My parents didn’t really play video games, so I shouldn’t either once I become a parent, right?
Yeah, quitting something you love makes you a real adult, a real stupid adult. Your parents didn’t watch much Netflix or post on Instagram either. Your grandparents watched less television and listened to less rock ‘n’ roll than your parents. Gaming is simply a young medium, and if your grandparents had the opportunity to stomp Goombas when they weren’t playing stickball, they would have. Giving up gaming because you feel like that’s what society expects will only make you a bitter adult, and that’s what society really wants. Don’t let them win!
The bad news however is that you will most definitely have FAR LESS time to play games, especially right after the youngling hatches. The little meat sacks are pretty helpless, so for the first few months, you’ll be doing more diapering than XP grinding. Thankfully, there’s always precious, precious nap time. Eventually, your spawn will reach its next evolution, which includes, babbling, crawling, and most importantly, controller-holding.
Everyone wants their children to like what they like. Sharing interests is an important part of bonding, which is something I wish I’d known when my daughter began showing interest in things other than eating and sleeping. I naively thought that parents who slap sports jerseys on their toddlers were just narcissistically imprinting their own interests onto empty baby-brain hard drives. Stupidly, my punk-rock style overreaction was to do the polar opposite and keep all my geeky interests away from her and let her discover them on her own. Man, that was a stupid idea.
It didn’t dawn on me then, but babies aren’t exactly told to check out TMNT by fellow babies around the baby water cooler. They don’t see baby retweets on Baby Twitter about how great Batman is. In addition to feeder, clothier, and guardian, you are your kid’s media gatekeeper. If you don’t show something to them, it essentially doesn’t exist in their world. Being the less intuitive and more neurotic of the parenting duo, this didn’t click for me until after hearing my daughter request “Awiel” and “Fwozen” music in the car. We’d watched several different Disney flicks together, but these ones stuck. That’s when I realized that variety was not only the spice of life, but also the cheat code to unlocking gaming with my kid.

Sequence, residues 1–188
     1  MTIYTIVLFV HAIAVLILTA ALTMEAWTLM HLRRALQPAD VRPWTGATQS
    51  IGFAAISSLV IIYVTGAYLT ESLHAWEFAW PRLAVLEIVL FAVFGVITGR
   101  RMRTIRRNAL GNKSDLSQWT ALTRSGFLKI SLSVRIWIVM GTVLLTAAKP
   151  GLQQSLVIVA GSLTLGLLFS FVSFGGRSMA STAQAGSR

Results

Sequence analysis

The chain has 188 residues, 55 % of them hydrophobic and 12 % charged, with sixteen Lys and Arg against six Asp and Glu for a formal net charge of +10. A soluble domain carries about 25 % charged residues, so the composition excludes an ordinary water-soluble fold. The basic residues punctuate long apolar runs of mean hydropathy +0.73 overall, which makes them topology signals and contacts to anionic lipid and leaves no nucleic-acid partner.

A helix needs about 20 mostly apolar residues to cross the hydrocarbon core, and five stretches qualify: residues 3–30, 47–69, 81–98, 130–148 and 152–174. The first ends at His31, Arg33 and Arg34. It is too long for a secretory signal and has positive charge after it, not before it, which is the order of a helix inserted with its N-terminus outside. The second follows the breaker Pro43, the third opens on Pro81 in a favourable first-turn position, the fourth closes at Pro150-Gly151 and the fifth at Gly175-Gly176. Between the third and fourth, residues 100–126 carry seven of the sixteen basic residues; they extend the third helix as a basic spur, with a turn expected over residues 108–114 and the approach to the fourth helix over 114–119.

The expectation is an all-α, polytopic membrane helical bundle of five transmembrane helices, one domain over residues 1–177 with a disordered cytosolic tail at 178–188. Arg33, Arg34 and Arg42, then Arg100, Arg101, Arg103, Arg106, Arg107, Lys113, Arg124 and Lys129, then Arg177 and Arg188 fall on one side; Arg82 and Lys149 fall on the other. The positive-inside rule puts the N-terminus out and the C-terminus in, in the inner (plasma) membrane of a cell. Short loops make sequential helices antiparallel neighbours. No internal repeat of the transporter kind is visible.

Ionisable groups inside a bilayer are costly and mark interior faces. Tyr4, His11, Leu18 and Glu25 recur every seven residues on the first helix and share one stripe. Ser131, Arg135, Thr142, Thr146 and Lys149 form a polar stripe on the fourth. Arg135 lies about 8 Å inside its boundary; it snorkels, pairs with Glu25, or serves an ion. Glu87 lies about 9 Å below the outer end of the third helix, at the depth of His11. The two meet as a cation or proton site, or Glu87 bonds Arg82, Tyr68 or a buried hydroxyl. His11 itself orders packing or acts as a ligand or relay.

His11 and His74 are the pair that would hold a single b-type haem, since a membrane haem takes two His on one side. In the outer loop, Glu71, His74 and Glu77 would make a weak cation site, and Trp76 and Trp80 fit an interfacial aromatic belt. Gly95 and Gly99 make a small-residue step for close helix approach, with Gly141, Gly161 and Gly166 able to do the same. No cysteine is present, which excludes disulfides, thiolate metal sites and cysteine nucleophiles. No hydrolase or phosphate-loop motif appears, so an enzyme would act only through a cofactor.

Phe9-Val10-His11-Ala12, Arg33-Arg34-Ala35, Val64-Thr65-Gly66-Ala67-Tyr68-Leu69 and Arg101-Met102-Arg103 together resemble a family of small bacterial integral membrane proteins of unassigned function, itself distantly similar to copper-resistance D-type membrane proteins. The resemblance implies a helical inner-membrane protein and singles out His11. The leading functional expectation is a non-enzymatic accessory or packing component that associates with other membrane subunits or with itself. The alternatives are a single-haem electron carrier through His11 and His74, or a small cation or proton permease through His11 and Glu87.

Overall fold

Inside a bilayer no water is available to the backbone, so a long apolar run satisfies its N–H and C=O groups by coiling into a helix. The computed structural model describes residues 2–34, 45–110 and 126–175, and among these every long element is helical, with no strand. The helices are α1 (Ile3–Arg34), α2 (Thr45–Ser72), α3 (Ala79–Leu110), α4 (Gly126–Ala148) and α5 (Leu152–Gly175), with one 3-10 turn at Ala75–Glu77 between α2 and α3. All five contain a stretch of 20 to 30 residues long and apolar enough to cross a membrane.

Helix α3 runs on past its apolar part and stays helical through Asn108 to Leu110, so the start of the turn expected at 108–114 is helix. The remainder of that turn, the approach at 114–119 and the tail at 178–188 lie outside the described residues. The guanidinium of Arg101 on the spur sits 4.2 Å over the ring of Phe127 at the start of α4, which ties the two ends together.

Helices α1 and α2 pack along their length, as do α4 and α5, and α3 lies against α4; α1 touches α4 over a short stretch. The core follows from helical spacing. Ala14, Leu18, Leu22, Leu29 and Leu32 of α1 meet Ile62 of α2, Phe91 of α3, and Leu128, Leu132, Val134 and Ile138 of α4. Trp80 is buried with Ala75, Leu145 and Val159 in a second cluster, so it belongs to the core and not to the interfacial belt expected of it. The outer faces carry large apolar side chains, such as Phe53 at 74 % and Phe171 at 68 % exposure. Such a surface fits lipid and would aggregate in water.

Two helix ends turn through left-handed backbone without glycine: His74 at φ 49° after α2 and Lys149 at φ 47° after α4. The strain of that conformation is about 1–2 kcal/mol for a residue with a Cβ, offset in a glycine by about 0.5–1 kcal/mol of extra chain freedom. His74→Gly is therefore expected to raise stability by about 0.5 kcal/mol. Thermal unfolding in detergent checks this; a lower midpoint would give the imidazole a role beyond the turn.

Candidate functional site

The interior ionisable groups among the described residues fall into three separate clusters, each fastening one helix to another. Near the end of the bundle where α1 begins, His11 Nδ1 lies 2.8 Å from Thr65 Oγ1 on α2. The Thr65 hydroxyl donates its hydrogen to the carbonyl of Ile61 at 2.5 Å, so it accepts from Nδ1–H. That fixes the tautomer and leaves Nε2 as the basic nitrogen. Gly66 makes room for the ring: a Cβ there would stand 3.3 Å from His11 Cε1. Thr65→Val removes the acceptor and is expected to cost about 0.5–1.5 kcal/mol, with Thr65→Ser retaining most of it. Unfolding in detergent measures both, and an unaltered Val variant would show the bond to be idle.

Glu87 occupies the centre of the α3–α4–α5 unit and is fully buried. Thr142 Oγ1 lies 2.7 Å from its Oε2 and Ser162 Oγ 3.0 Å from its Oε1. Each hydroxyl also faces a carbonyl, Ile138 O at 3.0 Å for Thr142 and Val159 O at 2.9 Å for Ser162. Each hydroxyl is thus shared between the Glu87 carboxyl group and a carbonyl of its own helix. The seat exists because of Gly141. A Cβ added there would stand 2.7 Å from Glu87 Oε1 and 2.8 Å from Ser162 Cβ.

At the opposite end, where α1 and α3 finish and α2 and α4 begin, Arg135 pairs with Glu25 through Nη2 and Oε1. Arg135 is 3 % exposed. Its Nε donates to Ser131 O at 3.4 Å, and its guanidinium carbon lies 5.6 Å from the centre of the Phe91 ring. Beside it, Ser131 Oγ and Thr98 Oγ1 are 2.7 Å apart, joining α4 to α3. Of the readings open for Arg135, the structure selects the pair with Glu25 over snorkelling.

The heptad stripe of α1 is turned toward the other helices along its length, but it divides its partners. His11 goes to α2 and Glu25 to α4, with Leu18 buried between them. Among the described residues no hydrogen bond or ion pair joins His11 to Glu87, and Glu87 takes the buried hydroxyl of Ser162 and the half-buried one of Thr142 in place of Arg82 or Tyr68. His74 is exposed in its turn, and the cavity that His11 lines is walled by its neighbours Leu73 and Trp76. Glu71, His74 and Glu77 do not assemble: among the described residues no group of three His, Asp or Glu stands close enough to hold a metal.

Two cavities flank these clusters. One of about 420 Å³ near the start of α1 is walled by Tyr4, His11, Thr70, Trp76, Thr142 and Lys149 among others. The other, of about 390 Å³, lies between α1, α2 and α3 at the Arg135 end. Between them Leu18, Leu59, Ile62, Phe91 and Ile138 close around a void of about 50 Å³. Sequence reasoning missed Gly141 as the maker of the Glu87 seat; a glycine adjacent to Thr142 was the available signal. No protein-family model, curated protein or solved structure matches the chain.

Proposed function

Like I said before, gaming is a medium now, not just a niche hobby. There’s something for all tastes, you just need to find what your kiddo is into. The animated style of The Legend of Zelda: The Wind Waker HD mesmerized my daughter at 5 months and she’s been a big “Tendo” fan ever since. Now 2 years old, she’s expanded her palette to include Rocket League, Animal Crossing: New Leaf, DuckTales: Remastered, and all things Mario. However, a friend of mine’s kid would rather watch his dad “fight the big monsters” in Dark Souls and Bloodborne, all the while actually rooting for the monsters. The key is knowing your kid, which isn’t as hard as you think as they’re not very subtle when they dig something.
Interactivity is what sets video games apart from other mediums, making it—in my obviously biased opinion—superior to music, film and TV, especially when it comes to bonding. Long before she could even try to control a game, I slapped a dead controller in my daughter’s hands so she could “help Dada.” Even if she’s just watching, “we” always beat the bad guys and “we” always find the flag at the end of every Mario level.
People who claim to dislike music, TV or film altogether are robots and should be reported to the proper authorities, so the same goes for video games. Show your kid EVERYTHING and something will stick, especially if they see that they can enjoy it with you. Once you do, have fun, nurture that interest, and you’ll be sure to have a Player 2 for life.